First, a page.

Shifting the world’s energy system from fossil fuels to green energy technologies could save at least US $12 trillion, according to a new study.
The study, published in the journal Joule, shows that transitioning to 100 percent clean energy by 2050 results in lower overall costs than a fossil fuel-based system. It will also allow more energy to be produced, making energy more accessible around the world.
Decarbonizing the energy sector is going to be crucial to fight climate change. But the move to clean energy technologies—which has also been shown to potentially save thousands of lives—is thought to have prohibitively high initial costs.
These cost predictions, though, have been incorrect, according to researchers at Oxford University. Past models have underestimated how quickly renewables will be deployed, and overestimated their costs. This has kept companies from investing in these technologies and governments from incentivizing the move away from fossil fuels, lead author Rupert Way said in a press release.
So the Oxford team turned to a different method, called a probabilistic model, which forecasts costs based more precisely on historical data. In a previous study, they validated this method for 50 different technologies, including oil, coal, gas, wind, solar, and nuclear. In reality, they found that the costs of wind, solar, batteries, electric vehicles, and green hydrogen have fallen much more sharply than key energy models predicted. The actual cost of solar energy fell twice as fast as even the most ambitious models estimated. Meanwhile, the price of fossil fuels has risen steeply.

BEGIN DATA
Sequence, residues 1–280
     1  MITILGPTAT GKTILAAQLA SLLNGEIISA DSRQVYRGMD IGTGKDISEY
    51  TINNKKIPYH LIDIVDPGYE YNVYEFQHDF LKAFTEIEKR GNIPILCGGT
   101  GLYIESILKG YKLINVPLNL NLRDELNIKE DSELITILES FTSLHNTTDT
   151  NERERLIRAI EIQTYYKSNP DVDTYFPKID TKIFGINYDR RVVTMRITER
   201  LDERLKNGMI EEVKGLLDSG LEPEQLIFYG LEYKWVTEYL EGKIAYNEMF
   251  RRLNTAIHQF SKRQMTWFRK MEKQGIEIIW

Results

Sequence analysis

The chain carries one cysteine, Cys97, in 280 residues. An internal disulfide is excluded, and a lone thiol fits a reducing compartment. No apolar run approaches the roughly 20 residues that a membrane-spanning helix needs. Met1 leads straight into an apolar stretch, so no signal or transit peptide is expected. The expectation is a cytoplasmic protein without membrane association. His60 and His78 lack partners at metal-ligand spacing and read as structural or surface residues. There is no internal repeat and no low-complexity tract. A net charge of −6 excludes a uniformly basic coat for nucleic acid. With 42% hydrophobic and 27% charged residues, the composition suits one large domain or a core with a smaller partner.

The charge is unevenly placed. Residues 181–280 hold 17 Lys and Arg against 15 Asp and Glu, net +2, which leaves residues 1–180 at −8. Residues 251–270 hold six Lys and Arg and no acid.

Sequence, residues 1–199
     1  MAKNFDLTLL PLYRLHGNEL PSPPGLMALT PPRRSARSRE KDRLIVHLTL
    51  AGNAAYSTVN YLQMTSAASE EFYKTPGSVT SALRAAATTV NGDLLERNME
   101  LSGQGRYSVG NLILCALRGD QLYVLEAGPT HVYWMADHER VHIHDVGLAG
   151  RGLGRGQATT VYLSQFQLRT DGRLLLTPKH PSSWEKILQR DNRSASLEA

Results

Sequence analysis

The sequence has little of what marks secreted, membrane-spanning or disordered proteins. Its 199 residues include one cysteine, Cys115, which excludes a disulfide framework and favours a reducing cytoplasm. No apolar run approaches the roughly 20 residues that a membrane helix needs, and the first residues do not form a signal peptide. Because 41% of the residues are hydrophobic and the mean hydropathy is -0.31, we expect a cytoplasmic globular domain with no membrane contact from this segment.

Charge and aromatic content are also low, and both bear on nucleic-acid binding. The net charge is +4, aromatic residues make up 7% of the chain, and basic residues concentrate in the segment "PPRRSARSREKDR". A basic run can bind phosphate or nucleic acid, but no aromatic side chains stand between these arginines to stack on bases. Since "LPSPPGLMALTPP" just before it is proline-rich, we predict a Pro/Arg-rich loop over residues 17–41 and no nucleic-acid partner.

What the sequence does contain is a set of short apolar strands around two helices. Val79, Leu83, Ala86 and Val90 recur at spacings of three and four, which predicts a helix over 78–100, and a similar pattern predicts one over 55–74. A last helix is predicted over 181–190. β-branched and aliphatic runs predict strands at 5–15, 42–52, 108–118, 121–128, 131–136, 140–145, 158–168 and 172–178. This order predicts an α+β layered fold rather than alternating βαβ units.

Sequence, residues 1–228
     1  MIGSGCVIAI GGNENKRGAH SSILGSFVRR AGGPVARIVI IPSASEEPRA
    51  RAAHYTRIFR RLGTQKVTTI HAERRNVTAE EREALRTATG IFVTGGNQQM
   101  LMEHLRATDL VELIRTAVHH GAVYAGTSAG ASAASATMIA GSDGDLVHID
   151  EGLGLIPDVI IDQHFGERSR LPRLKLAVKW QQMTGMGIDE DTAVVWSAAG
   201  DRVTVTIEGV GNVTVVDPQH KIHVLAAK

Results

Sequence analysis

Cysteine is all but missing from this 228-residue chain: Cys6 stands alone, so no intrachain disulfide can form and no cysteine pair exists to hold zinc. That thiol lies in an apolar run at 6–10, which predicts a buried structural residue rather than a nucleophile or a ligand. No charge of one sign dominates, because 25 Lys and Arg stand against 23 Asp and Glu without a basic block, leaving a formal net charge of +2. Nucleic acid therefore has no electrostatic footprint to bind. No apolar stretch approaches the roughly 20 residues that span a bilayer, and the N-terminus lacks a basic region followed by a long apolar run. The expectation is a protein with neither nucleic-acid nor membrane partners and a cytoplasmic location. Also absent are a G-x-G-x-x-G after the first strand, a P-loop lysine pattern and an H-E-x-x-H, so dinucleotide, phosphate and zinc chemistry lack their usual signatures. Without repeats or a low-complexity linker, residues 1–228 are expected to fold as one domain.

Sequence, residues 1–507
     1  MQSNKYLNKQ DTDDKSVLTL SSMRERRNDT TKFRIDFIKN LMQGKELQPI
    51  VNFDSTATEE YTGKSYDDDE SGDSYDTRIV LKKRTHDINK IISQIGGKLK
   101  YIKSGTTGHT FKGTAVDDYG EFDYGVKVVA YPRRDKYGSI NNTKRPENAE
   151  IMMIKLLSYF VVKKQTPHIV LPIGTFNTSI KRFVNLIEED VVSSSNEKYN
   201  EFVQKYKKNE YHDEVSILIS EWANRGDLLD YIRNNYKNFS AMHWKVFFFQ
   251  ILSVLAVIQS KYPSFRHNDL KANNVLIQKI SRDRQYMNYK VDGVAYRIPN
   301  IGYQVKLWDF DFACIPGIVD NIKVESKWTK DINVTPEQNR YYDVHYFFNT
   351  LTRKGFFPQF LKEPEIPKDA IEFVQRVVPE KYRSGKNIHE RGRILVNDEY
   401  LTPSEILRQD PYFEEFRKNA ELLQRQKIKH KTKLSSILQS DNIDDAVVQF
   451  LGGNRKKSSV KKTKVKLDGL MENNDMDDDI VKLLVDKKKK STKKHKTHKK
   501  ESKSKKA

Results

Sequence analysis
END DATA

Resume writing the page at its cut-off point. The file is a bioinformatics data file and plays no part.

In the present study, the team used data on 45 years of solar energy costs, 37 years of wind energy costs and 25 years for battery storage, and for electrolyzers that are used to produce green hydrogen from water.
They generated probabilistic cost forecasts for these technologies,and then estimated future energy system costs under three different transition scenarios to decarbonization: none, slow, and fast.
Based on their predictions, the cost of wind, solar, and green hydrogen will continue to fall. Compared to continuing with a fossil fuel-based system, they found that a fast transition to green energy will likely give a net savings of many trillions of dollars. Accounting for the price-tag of climate damages could bring even more savings.
Over two decades, all major energy models have consistently overestimated the costs of clean energy technologies, the researchers say. Renewables in some cases are already cheaper than fossil fuels, and scaling them up quickly will drive their costs down faster.
A rapid green transition is also expected to avoid climate damages, reduce air pollution, and lower energy price volatility. Yet “these benefits are often contrasted against discussions about the associated costs of the transition,” they write in the paper. “Our analysis suggests that such trade-offs are unlikely to exist: a greener, healthier, and safer global energy system is also likely to be cheaper.”
Source: Way, R. et al. Empirically grounded technology forecasts and the energy transition. Joule, 2022.